ICCL: Cruising accounts for $6.4B in direct spending

Cruise lines, airlines, travel agents, ports, hotels and restaurants received $6.4 billion in direct spending from the cruise lines and their passengers and crew last year, according to research from the International Council of Cruise Lines (ICCL).

Spending on these businesses, which ICCL termed the core cruise travel sector, was relatively flat year-over-year -- the industry spent $6.4 billion in the core cruise travel sector in 2002. But the amount of money spent by passengers and crew increased by 12%, to $1.1 billion, during 2003, compared with $844 million in 2002.

That $1.1 billion, ICCL said, was spent on a variety of retail, dining, local transit and lodging services.

There were more cruise ship passengers embarking at U.S. ports in 2003. According to ICCL, 7.1 million passengers embarked on cruises at U.S. ports and made 3.8 million ports-of-call in the U.S., a 9% and 8% jump year-over-year, respectively.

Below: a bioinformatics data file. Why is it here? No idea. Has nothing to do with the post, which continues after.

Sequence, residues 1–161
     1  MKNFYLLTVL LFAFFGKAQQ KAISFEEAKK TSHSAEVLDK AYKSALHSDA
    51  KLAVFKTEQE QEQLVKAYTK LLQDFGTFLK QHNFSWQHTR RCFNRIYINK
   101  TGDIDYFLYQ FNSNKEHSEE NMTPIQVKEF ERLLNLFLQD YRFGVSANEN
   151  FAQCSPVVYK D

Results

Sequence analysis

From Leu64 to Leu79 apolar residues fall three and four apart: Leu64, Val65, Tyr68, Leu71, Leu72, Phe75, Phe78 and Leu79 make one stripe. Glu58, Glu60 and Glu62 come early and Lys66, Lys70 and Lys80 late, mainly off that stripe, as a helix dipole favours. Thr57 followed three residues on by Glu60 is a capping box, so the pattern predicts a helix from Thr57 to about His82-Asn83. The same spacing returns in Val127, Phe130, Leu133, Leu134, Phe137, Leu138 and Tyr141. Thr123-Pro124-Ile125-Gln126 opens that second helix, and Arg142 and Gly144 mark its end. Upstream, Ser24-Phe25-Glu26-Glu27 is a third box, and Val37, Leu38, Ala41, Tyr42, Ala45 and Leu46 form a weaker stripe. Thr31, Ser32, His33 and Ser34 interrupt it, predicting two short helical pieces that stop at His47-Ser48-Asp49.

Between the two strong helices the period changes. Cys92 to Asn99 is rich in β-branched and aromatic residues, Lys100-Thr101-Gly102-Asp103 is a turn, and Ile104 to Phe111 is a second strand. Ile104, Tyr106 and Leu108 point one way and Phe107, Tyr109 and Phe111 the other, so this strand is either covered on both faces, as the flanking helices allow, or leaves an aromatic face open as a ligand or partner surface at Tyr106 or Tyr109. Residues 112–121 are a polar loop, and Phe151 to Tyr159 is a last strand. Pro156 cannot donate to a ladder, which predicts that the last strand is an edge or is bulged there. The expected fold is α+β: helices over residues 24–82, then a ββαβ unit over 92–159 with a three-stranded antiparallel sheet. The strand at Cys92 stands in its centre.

The biggest jump was in spending of port-of-call passengers, who on average spent $111.73 during port days in 2003, compared with $82.15 per visit in 2002.

The cruise industry and passengers, meanwhile, spent $1.6 billion on services by travel agents and tour operations. Most of that money, ICCL said, includes agency commissions. ICCL said its survey indicated the industry-average commission was 15% last year, one percentage point up from 2002.

The study, which ICCL commissions annually, was conducted by the Business Research and Economic Advisors.


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